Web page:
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Apple Museum For-A-Day

Bandai Pippin Museum & Archive

Purpose of This Web Site

My reason for creating this museum and archive is to preserve a part of Apple Computer's legacy, much like my attempts with the Apple II and Macintosh series. Much of what you'll see here are basically data collected from the World Wide Web, but I've re-archived them so they're situated in a centralized area for easy access.

I hope you enjoy and make use of the museum and archive!


Museum & Archive Contents

Pippin Photo Archive   Contains photos of Pippins I've come across   12/07/2002
Hardware & Software Information   Overview of hardware and software information   12/07/2002
Pippin FAQ   Frequently asked questions about the Bandai Pippin   12/07/2002
Pippin Development   Software and hardware development information, including PDFs and visuals   12/07/2002

The Bandai Pippin @World

E3 and Other Adventures in Electronic Entertainment

This column first appeared in the May 21, 1996 issue of PC Graphics Report

Unfortunately, all Nintendo fed at the press conference was cheese and crackers, but I was determined to save my appetite for the Bandai Pippin @World announcement, being held that evening at the Beverly Hills Hotel. I wasn't disappointed by the spread, but I was somewhat disappointed by the Pippin, hailed by its manufacturers and designers as being the ultimate "Television Appliance" for surfing the Internet. Sheryl Crow performing live for a small group of us (1000 people) did make up for it (although I did lose out on a Sheryl Crow CD when I accidentally gave someone a free drink ticket which later turned out to actually be a CD redemption ticket).

The Pippin is an Apple developed technology, so it's no surprise that the guts of the Pippin are remarkably similar to those of a Macintosh. But not similar enough to allow straight Mac software to run as-is. After all, the Pippin (I call it a "MacJr") folks need to find a way to charge title developers a royalty to justify the low cost ($599) of the product, and they do this by licensing a custom Pippin API. So, the next question is why is Bandai introducing the Pippin, and not Apple. The answer appears to be two part:

  1. Bandai's parent company's claim to fame is ownership of the Mighty Morphin Power Rangers, and as such, the company has extensive experience with channels alternate to those of traditiona computing devices.
  2. Bandai's Bandai Digital Entertainment group, which is marketing the Pippin, has received quite a chunk of funding to launch the Pippin, and my guess is that Apple is going to let them test the waters before shipping its own Pippin unit (which Apple committed to at its conference last week).

There are some features on the Pippin I think are good, like the fact it actually does enable consumer Web access via a television, has dual VGA and video output (NTSC or PAL), its keyboard/digitzer combo is pretty cool (the digitizer pad is above the keyboard, and the whole thing folds to make a thin black box), the "banana" controller appears pretty useful, they have some neat tools and games available for the unit, and they've kicked off a decent ad campaign in USA Today. For the latter, the first ad I saw had this simple message "Introducing a revolutionary new way to get at the Internet... It's called the television." With ads like this, they are helping promote the entire consumer Network Computer (NC) concept and not just their own device, which is a good thing for the industry, and probably not so good for Bandai.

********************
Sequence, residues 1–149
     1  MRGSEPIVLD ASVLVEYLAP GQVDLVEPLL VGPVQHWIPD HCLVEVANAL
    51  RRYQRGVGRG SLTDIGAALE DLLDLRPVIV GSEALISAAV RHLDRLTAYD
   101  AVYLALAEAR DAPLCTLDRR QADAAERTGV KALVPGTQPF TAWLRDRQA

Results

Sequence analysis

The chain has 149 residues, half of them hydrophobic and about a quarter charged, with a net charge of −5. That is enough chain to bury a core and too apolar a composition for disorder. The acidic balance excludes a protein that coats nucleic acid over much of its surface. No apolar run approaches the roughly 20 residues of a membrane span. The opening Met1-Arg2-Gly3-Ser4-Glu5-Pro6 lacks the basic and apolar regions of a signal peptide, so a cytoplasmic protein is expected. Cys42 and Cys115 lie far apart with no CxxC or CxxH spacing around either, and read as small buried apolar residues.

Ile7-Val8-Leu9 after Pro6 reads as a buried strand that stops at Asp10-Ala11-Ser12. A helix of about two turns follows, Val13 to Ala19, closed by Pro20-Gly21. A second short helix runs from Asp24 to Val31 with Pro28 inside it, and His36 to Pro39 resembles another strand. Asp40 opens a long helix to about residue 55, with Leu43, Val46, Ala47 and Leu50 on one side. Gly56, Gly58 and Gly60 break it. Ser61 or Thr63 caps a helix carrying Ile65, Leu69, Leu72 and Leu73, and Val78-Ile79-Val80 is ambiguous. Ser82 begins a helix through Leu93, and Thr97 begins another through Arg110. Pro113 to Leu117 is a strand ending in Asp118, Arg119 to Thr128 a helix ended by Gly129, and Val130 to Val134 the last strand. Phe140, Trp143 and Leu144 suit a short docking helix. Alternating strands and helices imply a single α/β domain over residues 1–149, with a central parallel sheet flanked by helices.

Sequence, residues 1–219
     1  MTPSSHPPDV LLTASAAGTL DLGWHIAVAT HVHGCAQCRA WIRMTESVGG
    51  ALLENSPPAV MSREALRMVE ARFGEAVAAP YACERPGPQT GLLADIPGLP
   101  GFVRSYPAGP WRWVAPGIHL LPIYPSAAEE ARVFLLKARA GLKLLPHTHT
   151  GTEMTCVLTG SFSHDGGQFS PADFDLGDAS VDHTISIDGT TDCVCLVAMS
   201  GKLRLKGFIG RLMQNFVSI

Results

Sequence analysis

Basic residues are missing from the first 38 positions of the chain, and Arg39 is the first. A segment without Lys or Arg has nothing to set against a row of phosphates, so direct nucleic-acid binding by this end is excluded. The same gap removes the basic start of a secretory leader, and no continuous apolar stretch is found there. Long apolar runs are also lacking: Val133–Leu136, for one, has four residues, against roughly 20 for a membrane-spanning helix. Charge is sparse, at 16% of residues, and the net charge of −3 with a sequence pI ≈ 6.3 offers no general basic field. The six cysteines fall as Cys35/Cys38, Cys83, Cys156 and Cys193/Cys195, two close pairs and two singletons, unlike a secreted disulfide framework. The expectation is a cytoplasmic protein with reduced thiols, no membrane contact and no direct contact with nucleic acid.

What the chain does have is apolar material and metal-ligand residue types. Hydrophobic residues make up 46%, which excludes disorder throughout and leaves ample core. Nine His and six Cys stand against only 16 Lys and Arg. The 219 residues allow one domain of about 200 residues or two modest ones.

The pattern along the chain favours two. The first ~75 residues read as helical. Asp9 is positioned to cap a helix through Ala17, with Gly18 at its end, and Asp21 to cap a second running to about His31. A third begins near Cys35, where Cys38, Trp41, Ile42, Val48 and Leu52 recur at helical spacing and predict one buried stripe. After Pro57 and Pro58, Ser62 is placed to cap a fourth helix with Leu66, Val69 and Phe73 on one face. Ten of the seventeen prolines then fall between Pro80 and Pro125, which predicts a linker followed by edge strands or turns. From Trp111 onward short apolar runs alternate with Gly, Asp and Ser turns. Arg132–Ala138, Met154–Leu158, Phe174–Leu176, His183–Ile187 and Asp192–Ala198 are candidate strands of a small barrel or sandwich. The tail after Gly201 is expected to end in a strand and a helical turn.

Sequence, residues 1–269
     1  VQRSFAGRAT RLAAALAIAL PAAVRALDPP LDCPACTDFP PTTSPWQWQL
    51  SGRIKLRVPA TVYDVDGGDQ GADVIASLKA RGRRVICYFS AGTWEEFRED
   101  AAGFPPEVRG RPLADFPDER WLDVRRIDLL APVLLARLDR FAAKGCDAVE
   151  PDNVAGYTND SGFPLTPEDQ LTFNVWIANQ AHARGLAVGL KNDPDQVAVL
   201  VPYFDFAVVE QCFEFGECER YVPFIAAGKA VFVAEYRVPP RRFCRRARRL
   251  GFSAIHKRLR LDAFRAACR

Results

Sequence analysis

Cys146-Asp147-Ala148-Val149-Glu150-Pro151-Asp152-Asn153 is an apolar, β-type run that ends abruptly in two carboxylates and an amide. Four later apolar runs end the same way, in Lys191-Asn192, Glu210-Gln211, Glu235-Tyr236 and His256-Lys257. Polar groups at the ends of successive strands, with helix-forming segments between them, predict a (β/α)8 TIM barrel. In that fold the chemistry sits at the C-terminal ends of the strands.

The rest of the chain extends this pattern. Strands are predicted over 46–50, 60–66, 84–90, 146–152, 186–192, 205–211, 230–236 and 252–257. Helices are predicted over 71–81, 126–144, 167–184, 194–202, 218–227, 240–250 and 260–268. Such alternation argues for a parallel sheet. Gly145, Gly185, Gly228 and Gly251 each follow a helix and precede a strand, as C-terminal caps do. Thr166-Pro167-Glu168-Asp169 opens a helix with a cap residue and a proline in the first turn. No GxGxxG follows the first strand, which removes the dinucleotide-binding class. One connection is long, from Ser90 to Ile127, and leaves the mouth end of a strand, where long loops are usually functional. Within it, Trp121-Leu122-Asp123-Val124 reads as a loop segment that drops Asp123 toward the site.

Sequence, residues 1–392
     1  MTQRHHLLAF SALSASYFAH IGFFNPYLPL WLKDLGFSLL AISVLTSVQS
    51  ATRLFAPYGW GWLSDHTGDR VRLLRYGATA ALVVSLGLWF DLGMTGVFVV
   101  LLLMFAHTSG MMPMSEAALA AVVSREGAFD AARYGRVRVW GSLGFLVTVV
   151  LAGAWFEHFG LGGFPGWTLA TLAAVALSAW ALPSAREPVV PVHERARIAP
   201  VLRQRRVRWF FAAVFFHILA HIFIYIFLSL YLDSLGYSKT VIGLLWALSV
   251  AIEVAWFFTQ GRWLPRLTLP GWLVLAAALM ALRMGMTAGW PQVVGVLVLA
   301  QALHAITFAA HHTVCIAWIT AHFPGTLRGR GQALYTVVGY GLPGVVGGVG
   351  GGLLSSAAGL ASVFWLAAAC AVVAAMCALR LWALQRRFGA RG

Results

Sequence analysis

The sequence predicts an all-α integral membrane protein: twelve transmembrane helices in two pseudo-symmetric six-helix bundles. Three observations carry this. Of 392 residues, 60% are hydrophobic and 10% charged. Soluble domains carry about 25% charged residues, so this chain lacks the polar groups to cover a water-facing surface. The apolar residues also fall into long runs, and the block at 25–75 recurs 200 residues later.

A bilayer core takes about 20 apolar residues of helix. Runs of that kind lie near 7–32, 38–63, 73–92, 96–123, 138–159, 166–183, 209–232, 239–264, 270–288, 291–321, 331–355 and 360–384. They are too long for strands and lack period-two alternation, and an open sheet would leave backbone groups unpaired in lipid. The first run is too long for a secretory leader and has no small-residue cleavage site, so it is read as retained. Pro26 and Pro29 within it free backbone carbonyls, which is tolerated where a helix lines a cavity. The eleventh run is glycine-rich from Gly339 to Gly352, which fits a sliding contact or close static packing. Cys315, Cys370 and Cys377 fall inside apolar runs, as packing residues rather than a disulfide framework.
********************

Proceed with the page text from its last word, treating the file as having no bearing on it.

Let's take a look at everything I don't like about the Bandai Pippin @World.

  • First, because it uses a "lite" MacOS core, people will have great expectations of what the Pippin should be able to do since it's really a mini-PC. The Bandai folks have agreed that changing this mind set is a real challenge.
  • Second, the Pippin's TV output, while surprisingly reasonable for Web pages, does a lousy job on regular OS text and Web browser menus because of the small fonts used there.
  • Third, the price point of $599 for a fall shipment is too high. Especially when you consider the game console Internet connections.
  • Fourth, the keyboard and controller currently require cables - no IR or RF cordless input devices are going to ship with Bandai's Pippin.
  • Fifth, Pippin forces people to use a specific Internet provider, PSInet, for at least 6 months, with a $25/month minimum service fee, which forces consumers who are already net literate to have multiple ISPs, probably shutting them out entirely of wanting to buy a Pippin with that constraint. That obviously leaves the remaining unwashed masses as potential Pippin purchasers, still a large number.
  • Sixth, the machine is currently incapable (due to not enough RAM) of running Netscape 2.0 or something comparable with Java and VRML support, putting its capabilities well behind the state of the art when it will ship in September.
  • Seventh, the name for the device ("Pippin @World") is silly. Many non-computer literate people don't know what an "@" is.
  • Eighth, (and most importantly) Bandai has not studied the extent to which Americans are functionally illiterate. According to a 1993 study by the U.S. Department of Education, approximately 46-51% of the adults resident in the U.S. are considered functionally illiterate. Astounding but true. What this all means is that while a Pippin could be used as an ultra-expensive (in relative terms) game console device by these folks, they aren't about to do any serious Internet surfing. When I brought this up to a Japanese executive with Bandai, he just could not understand that Americans might not be able to read. Talk about a cultural gap.

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